Two bog specialists included rove beetle Ochthephilum fracticorne and money spider Hypselistes jacksoni. The comb-footed spiders Floronia bucculenta and Episinus angulatus were notable, both associated with damp habitats. The money spiders Walckenaeria unicornis and Walckenaeria cuspidata are both generally under recorded due to their minute size. Additionally, a locally uncommon rove beetle was identified as Stenus geniculatus.


Pootering is a manual method of sucking invertebrates up through a tube into a container of some sort! Usually, a small glass or plastic vial.

Alison Robertson recorded a number of moth larval signs on the day including the deceptively named Common Birch Pigmy Stigmella betulicola which only has half a dozen records regionally. As with many of the Stigmella moths the adults are difficult to identify to species and larval feeding signs often offer the best chance to record these species locally. Alison also recorded the predatory Heath Damsel Bug Nabis ericetorum which is closely associated with heather, feeding largely on the larvae of Heather Leaf Beetle Lochmaea suturalis which was abundant at the site.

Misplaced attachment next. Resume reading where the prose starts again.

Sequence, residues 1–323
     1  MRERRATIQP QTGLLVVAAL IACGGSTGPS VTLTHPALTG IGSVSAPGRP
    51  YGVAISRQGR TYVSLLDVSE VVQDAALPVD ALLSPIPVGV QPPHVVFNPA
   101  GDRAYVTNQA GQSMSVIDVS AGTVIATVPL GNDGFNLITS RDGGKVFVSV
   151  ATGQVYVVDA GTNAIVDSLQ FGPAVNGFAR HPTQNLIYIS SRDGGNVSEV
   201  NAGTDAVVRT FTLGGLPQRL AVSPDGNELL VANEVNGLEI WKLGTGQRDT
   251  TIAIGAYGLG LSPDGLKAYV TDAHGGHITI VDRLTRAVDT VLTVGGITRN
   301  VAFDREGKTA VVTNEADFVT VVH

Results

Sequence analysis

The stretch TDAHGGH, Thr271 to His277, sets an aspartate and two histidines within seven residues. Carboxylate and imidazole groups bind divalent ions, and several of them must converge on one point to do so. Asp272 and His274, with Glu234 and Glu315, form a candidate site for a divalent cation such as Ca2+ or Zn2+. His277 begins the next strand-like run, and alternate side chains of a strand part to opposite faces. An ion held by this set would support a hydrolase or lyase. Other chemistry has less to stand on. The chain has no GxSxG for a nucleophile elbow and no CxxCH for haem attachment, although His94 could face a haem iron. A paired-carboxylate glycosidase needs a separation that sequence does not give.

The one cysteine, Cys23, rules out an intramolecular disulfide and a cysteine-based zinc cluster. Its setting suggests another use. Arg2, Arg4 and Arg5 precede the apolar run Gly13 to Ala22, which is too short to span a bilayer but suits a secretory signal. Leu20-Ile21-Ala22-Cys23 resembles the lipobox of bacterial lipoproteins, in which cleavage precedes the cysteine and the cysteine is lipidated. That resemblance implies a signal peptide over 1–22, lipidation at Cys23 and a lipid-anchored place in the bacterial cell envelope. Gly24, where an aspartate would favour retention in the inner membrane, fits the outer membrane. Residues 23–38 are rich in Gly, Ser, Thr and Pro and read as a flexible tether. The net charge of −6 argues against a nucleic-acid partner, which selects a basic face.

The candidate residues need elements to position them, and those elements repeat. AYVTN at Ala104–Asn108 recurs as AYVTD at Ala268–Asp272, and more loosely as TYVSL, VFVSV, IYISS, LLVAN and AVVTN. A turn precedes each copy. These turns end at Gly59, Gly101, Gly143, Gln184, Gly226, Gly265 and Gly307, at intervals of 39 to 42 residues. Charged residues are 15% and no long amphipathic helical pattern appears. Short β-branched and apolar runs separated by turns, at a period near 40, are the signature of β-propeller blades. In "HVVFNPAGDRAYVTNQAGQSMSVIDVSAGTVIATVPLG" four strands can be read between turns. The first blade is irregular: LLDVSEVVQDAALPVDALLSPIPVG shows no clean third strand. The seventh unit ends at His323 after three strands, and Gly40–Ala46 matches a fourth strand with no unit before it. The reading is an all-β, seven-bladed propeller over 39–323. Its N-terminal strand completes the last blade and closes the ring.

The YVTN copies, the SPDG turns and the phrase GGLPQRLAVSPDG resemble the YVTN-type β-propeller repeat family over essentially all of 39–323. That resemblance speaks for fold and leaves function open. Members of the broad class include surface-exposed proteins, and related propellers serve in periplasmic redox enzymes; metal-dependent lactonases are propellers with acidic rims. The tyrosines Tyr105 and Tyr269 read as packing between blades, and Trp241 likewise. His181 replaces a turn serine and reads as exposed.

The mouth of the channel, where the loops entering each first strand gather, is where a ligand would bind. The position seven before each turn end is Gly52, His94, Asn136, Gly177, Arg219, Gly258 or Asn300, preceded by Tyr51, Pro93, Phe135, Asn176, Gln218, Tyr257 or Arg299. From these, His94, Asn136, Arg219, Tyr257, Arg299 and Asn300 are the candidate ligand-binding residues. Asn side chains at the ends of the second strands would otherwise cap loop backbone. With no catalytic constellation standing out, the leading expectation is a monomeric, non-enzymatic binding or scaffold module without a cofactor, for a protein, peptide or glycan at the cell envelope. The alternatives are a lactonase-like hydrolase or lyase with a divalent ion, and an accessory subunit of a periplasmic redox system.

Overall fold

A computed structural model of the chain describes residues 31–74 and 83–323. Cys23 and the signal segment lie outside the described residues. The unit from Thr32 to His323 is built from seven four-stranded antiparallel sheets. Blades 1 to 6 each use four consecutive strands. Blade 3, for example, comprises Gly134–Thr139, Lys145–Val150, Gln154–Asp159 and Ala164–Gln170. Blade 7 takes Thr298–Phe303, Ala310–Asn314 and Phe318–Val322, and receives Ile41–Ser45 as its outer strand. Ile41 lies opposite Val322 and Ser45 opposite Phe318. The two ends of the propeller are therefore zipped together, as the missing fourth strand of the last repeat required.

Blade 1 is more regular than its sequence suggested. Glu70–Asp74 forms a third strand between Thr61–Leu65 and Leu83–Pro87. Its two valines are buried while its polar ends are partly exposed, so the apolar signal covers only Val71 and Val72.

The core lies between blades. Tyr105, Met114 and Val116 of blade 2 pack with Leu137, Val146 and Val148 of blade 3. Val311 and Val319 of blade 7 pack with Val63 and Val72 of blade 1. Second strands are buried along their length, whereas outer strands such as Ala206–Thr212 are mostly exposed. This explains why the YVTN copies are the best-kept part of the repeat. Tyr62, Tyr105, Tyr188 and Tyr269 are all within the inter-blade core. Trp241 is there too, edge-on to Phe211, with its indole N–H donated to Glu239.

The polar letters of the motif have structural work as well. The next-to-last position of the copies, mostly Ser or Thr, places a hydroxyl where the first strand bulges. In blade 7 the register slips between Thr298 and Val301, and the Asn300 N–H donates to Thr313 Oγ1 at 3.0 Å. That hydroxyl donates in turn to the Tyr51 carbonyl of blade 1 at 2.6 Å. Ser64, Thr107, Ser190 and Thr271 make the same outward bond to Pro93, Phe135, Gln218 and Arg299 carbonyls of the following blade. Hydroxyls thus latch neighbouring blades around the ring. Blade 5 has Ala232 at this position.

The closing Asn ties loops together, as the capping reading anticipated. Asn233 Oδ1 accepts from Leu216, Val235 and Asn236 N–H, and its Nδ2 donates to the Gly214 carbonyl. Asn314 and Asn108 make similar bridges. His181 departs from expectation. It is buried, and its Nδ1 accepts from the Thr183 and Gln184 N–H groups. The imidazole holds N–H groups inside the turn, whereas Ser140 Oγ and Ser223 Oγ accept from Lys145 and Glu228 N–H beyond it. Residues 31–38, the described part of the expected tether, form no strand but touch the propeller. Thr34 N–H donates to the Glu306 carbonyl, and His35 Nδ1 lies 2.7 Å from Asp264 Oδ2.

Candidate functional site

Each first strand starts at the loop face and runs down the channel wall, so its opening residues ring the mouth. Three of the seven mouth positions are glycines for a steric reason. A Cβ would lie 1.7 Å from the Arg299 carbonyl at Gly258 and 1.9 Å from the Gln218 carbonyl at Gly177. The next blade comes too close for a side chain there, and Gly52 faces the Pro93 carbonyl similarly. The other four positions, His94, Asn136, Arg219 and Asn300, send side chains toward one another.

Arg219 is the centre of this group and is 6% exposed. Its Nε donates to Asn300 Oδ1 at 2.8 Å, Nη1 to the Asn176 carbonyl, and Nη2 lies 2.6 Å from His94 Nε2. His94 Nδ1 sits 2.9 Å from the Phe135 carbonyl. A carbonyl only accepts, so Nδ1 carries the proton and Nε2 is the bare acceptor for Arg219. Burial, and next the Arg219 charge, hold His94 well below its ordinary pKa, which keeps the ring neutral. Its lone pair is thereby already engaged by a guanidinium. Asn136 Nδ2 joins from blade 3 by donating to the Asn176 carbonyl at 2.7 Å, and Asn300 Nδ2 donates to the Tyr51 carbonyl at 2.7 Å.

Additional, notable finds included a Vestal Rhodometra sacraria caught by Iain Leach, a migratory moth whose number vary greatly from year to year. Adder Vipera berus was sighted by Michael Jeeves whilst kneeling down to identify some plantsin a face to face encounter and two uncommon ladybirds were captured in the bug-vac — the Hieroglyphic ladybird Coccinella hieroglyphica a heather specialist and 11-spot ladybird Coccinella undecimpunctata a largely coastal species.



Photo credit to Michael Jeeves who stated: ‘It’s of a male Adder that I spotted just as I was crouching down to look at a caterpillar. There it was looking at me, only 3 or 4 feet away. I slowly withdrew, got out my camera and just managed to take the photo before the Adder slid off into the vegetation.’


Bog plants that were recorded on the day include White Beak-sedge Rhynchospora alba, Bog Rosemary Andromeda polifolia and Cranberry Vaccinium oxycoccus.

We are incredibly excited about these findings and hope to find more bog specialists as the years progress. These recording days will occur annually and will be used alongside our long-term monitoring plan to add to the wider research around forest-to-bog restoration.


 

Thanks to SWSEIC and local experts for lending their knowledge for the day, and to Ian McCreath (Moss of Cree land owner) for hosting us.